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Here’s What Would Happen If The Government Shuts Down This Week

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A U.S. park ranger gives a tourist suggestions of other nearby places he can visit while Joshua Tree National Park was shut down in 2013.
Image credit: Robyn Beck

Planning a trip to the Grand Canyon over the coming holidays?

You might want to have a Plan B … or at least bring your own trail maps.

While the Grand Canyon, along with the rest of the national park system, is expected to remain open in the case of a government shutdown, visitors centers at the facilities probably wont be. And some iconic sites, including the Statue of Liberty, may be closed altogether, if the park service follows past practices. That is of course unless Congress and the White House resolve their latest spat over funding the federal government.

For the National Park Service and many other agencies, funding runs out on Dec. 21 at midnight. And while the 75 percent of the government whose budget bills are already approved will be unaffected, the remaining 25 percent include some high-profile agencies and departments. Among them:

  • Homeland Security
  • Transportation
  • Commerce
  • Interior
  • Agriculture
  • Housing and Urban Development
  • Justice

Independent agencies, including NASA, the Food and Drug Administration and the Environmental Protection Agency, will also be closed. The FDA “does routine, unannounced inspections,” Food Safety News wrote in January. “During these partial government shutdowns, FDA likely ceases routine checks while using its ‘essential’ personnel on problems that arise.”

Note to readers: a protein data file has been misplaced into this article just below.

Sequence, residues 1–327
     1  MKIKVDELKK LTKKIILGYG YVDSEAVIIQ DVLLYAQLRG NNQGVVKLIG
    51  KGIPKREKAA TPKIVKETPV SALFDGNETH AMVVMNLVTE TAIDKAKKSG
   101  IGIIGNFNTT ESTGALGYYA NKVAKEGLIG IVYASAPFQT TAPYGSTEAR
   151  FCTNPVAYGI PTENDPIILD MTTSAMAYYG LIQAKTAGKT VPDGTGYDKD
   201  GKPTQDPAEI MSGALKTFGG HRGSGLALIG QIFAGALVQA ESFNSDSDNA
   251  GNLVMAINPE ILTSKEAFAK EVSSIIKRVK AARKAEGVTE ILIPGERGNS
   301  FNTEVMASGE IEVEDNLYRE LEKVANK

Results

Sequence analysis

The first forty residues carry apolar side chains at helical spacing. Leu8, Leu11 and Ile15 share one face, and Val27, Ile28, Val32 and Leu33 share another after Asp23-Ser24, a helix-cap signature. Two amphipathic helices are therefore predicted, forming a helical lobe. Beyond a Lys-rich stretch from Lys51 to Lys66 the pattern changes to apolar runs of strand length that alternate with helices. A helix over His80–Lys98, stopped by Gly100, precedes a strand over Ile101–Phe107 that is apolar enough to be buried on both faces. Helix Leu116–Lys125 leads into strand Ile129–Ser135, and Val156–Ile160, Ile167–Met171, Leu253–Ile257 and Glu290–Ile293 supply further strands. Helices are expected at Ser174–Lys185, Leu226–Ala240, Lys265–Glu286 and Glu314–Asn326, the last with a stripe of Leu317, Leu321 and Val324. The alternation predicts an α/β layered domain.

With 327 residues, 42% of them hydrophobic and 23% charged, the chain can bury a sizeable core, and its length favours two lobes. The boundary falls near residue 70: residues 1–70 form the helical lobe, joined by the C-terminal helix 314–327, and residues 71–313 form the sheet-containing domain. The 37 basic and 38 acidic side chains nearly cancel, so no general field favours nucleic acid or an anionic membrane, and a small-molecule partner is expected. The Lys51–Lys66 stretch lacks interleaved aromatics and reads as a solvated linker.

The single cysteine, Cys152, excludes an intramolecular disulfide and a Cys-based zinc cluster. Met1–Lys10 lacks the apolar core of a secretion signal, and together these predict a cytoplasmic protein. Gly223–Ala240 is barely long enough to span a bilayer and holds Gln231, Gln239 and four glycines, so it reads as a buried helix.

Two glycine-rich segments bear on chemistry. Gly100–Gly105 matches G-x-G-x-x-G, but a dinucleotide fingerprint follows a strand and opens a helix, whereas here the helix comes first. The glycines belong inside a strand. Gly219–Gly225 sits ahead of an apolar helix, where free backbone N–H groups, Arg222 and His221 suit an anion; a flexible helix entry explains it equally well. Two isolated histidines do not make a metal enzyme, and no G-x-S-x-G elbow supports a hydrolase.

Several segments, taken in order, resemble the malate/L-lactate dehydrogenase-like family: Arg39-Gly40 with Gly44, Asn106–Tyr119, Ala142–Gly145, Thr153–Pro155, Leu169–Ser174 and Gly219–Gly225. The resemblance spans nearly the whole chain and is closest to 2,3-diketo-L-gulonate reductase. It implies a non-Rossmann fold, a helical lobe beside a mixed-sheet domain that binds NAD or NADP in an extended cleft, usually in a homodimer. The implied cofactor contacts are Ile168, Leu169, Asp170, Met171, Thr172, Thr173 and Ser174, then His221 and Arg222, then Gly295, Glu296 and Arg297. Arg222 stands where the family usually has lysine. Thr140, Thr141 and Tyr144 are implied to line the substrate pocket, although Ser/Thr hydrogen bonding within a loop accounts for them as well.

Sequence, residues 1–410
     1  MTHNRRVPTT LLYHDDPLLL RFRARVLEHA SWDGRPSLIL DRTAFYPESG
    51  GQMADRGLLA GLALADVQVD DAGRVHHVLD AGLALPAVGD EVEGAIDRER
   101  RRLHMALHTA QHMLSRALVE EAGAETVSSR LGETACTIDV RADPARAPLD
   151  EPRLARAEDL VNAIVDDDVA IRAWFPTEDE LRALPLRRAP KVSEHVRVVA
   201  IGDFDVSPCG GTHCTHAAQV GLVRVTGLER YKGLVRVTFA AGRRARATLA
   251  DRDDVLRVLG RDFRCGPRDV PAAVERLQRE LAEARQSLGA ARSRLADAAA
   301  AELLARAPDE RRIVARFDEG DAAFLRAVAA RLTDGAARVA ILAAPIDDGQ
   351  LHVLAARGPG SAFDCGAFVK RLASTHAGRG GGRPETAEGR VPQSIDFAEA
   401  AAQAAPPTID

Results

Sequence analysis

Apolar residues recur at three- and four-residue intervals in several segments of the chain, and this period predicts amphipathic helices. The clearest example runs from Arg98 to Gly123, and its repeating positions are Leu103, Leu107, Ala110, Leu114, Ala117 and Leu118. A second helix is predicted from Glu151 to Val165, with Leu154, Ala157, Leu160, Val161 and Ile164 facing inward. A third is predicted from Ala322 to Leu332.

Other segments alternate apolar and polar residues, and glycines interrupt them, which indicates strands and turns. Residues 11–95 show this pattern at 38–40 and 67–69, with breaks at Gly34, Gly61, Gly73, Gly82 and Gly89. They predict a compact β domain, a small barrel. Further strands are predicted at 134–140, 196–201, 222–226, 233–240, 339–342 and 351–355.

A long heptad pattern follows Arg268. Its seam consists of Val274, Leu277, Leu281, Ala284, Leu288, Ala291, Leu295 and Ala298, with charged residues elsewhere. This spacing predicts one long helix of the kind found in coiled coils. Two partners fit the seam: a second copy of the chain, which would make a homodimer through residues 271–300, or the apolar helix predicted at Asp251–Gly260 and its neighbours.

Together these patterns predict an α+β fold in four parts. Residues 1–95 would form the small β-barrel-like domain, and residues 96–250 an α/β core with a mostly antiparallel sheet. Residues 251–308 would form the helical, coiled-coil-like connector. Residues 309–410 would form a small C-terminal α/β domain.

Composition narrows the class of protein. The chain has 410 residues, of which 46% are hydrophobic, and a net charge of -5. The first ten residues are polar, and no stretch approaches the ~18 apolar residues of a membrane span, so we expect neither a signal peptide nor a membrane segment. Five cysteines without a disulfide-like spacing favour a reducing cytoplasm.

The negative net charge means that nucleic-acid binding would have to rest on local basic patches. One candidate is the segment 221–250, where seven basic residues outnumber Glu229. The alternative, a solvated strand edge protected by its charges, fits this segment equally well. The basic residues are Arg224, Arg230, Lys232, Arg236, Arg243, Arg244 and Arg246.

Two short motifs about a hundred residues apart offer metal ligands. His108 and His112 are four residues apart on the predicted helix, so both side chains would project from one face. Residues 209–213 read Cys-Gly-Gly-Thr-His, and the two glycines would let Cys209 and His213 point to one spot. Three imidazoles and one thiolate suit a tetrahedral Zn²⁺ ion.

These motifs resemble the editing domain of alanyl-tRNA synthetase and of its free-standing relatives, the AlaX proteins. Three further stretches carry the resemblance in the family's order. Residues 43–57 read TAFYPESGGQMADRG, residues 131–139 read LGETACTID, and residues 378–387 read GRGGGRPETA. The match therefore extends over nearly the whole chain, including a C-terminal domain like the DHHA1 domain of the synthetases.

But within those agencies, some 420,000 employees are “excepted,” in government parlance, from furloughs; that is, they are considered essential and will be on the job, but they won’t be getting paychecks.

They include law enforcement officers at the:

  • FBI
  • Bureau of Alcohol, Tobacco, Firearms and Explosives
  • Drug Enforcement Administration
  • Border Patrol
  • Transportation Security Administration

TSA officers will still be screening airline passengers in one of the busiest travel periods of the year but will very likely have to wait for paychecks — during the holiday season.

An additional 380,000 employees will be furloughed — that is, be sent home — also without pay, although Congress has previously appropriated back pay for federal workers when the prior shutdowns have ended.

Is this any way to run a government? Well, President Trump last week said he would “be proud to shut down the government” over his demands for money for a border wall, although he has since tried to back away from that position.

House Democratic leader Nancy Pelosi accused Trump of not understanding that “people need their paychecks. Maybe that’s not the life he leads,” Pelosi told reporters Thursday. “It’s not enough to say we’ll pay you in January when people have to make ends meet in December.”

The American Federation of Government Employees, the largest federal workers union, called on the two sides to resolve their dispute.

“Our members take home an average of around $500 each week,” AFGE President J. David Cox said in a statement. “Any interruption in their pay will have a devastating impact on them, their families and their communities.”

Cox added, “Our members are asking how they are supposed to pay for rent, food and gas if they are required to work without a paycheck. The holiday season makes these inquiries especially heart-wrenching.”

If it happens, this would be the second partial government shutdown this year. Agencies closed over a weekend last January in a brief spending squabble.
So it comes as no surprise perhaps that a new survey of government employees by the Partnership for Public Service finds a decline in how federal workers view their jobs and workplaces, what the study calls “employee engagement” from last year.

Scores declined at almost 60 percent of agencies, while 40 percent improved. Over the past three years, scores improved at some 70 percent of agencies.

The president himself will be out of town during the shutdown, on a 16-day stay at his Mar-A-Lago resort in Palm Beach, Fla. Not the greatest of optics, if those plans hold.

Copyright 2018 NPR. To see more, visit https://www.npr.org.

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